Synopses & Reviews
I'm in the middle of a full-blown spaz-attack, and I don't care. I don't care at all. At home I always try to act normal, and spaz-attacks definitely aren't normal. Here, people understand. They know a spaz-attack signals that I'm
excited. They're excited too, so they squeal with me; some even spaz on purpose, if you can call that spazzing . . .
An unforgettable coming-of-age novel about what it's like to live with a physical disability
It's the summer of 1970. Seventeen-year-old Jean has cerebral palsy, but she's always believed she's just the same as everyone else. She's never really known another disabled person before she arrives at Camp Courage. As Jean joins a community unlike any she has ever imagined, she comes to question her old beliefs and look at the world in a new light. The camp session is only ten days long, but that may be all it takes to change a life forever.
Henry Holt published Harriet McBryde Johnson's adult memoir, Too Late to Die Young, in April 2005. Ms. Johnson has been featured in The New York Times Magazine and has been an activist for disability rights for many years.
"Through the eyes of 17-year-old wheelchair-bound Jean, readers of this wry, at times searing debut novel gain access to an intimate world that few Norms (what Jean calls fully functioning people) ever see. Her family has always treated Jean as a 'normal' child; her 10-day stay at Camp Courage is her first time away from them. Johnson, like her heroine, is confined to a wheelchair (due to a neuromuscular disease), and possesses a rare gift for writing in the present tense: readers will feel as if they are experiencing Jean's many small discoveries right along with her. Each chapter covers a day at camp, and Jean's world view begins to shift on day one, when she meets Sara (also wheelchair-bound), a veteran camper. A straight shooter, Sara nicknames Jean 'Spazzo,' and exposes the insidious ways in which the Norms condescend to the Crips. Taking stock of the cabin they share, Sara says, 'It looks like we've got about the right mix three wheelchairs, a one-leg amputee, two MR's [mentally retarded], and two walkie-talkies.' When Jean asks Sara why she comes to camp, she replies, 'I need to be with my people. The Crip Nation.' In one of the novel's many revelatory scenes, Jean describes swimming with the other campers: 'I count it a rare privilege to see them all without their coverings, their equipment, their attachments, their replacement parts, as they really are, in all their strange variety.' Readers, too, will find this journey with Jean a rare privilege, as she rethinks her place in the world. Ages 12-up." Publishers Weekly (Starred Review) (Copyright Reed Business Information, Inc.)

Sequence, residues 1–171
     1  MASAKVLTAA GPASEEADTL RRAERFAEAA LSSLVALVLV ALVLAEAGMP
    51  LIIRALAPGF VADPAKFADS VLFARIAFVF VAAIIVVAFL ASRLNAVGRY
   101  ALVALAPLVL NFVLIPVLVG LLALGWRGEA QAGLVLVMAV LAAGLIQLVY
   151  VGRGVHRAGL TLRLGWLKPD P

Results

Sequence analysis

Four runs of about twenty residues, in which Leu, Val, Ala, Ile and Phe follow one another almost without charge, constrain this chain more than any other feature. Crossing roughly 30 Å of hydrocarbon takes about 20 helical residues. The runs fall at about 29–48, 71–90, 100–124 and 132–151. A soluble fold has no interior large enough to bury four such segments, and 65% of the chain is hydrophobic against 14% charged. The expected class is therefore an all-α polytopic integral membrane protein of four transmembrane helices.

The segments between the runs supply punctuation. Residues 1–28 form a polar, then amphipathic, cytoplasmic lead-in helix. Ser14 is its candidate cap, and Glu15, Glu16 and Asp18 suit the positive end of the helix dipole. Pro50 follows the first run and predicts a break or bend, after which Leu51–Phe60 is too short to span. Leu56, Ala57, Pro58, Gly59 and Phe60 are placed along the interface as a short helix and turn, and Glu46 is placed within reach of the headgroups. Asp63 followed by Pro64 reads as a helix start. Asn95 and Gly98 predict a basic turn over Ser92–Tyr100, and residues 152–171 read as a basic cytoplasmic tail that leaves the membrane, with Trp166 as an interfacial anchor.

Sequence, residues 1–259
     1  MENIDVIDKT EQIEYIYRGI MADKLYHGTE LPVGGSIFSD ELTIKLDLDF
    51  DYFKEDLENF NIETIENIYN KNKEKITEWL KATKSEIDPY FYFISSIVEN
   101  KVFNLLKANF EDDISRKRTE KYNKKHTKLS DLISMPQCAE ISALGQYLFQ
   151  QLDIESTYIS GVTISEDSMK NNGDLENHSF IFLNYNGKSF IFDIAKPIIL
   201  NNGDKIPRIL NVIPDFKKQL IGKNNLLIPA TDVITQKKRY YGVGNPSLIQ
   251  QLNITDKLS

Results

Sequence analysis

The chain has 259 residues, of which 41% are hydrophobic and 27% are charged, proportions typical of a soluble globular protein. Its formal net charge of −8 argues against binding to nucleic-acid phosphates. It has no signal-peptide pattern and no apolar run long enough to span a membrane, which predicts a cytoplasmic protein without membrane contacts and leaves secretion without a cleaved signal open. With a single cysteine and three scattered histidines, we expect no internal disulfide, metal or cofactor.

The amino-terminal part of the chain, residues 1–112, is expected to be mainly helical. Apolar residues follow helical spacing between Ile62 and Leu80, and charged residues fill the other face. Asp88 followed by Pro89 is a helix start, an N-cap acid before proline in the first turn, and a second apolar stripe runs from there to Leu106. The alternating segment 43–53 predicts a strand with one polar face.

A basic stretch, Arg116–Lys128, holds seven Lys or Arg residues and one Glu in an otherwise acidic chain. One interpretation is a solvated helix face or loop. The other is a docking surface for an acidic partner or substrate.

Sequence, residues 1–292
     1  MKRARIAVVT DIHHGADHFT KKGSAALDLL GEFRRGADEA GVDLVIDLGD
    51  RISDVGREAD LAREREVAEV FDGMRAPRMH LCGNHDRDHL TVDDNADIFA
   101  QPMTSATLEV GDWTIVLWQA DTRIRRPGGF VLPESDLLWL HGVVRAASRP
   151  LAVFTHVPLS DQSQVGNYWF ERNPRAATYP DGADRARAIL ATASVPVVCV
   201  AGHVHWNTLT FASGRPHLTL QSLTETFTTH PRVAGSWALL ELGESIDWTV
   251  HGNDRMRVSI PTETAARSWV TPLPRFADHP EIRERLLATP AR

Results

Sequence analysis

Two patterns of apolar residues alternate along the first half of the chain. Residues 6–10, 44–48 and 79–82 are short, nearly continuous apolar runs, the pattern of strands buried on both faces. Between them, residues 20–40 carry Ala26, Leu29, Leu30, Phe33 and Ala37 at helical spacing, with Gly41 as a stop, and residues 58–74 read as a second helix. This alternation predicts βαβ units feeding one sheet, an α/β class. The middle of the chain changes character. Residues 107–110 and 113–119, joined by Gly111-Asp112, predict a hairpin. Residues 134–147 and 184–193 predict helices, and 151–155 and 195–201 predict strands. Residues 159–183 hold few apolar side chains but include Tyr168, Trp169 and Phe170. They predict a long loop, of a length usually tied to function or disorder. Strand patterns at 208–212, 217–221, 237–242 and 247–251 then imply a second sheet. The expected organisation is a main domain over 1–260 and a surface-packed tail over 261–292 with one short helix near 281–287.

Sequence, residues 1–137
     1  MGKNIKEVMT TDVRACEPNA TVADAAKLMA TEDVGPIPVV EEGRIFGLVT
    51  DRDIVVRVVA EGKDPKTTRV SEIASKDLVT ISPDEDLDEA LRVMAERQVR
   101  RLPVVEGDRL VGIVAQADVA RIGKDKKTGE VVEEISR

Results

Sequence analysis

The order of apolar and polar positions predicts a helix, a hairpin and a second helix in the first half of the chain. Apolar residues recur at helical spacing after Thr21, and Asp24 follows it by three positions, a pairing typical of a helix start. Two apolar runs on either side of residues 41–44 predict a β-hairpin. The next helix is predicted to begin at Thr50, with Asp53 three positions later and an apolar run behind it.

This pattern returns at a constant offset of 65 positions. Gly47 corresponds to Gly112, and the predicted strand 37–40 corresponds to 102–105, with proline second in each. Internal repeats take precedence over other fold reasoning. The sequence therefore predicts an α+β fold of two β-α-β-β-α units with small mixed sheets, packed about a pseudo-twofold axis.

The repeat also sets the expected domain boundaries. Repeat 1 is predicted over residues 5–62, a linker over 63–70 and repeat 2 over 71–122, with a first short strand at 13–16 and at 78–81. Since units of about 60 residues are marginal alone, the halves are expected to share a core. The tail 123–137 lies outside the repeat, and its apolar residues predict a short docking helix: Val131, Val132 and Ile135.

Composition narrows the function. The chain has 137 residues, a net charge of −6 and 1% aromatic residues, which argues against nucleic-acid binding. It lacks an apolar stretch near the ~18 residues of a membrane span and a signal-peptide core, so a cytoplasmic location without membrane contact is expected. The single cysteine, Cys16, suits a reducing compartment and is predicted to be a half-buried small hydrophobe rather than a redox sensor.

Seventeen-year-old Jean has cerebral palsy, and has never really known another disabled person before she arrives at Camp Courage. As Jean joins a community unlike any she has ever imagined, she comes to question her old beliefs and look at the world in a new light.
About the Author
Harriet McBryde Johnson
has been a lawyer in Charleston, South Carolina, since 1985. Her solo practice emphasizes benefits and civil rights claims for poor and working people with disabilities. She is the author of Too Late to Die Young